30 Jun: In Case of Emergency, Call 999

The world’s first emergency number, 999, was launched in London on 30th June, 1937 – to a great deal of scepticism, and open laughter in the House of Commons. 

But when five women died in a house fire in 1935 – after a neighbour had attempted to call the fire brigade via the Operator – the public had begun to demand a quick, convenient way to summon the emergency services. 

In this episode, Arion, Rebecca and Olly explain why 999 was chosen as the number to dial, even though 111 would have been easier, on a rotary dial in a smoke-filled room; reveal how humour was used to communicate the nature of the new service to the public at large; and discover which illustrious architect’s wife (supposedly) made the first ever call to the service…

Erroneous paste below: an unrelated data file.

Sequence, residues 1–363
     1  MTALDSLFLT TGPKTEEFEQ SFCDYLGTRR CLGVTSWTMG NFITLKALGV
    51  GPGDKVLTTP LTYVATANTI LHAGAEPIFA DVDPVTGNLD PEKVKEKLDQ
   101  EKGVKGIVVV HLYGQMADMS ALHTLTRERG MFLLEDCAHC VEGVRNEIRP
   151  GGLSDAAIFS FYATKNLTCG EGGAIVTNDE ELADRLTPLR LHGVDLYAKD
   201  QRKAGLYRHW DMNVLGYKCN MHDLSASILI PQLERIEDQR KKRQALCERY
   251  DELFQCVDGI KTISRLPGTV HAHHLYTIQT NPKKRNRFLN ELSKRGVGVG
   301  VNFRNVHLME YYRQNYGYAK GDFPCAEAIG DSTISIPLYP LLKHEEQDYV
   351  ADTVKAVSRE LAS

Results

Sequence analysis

Further Reading:

• ‘London’s Forgotten Disasters: The Tragedy That Sparked The 999 Service’ (Londonist, 2015): https://londonist.com/2015/11/london-s-forgotten-disasters-the-tragedy-that-sparked-the-999-service

• ‘999 celebrates its 80th anniversary: From Morse code messages to 13,000 calls daily, Met Police looks back’ (MyLondon, 2017): https://www.mylondon.news/news/west-london-news/999-celebrates-80th-anniversary-morse-13267261

• ‘999 Has New Home – The Information Room At Scotland Yard’ (

British Pathé, 1957):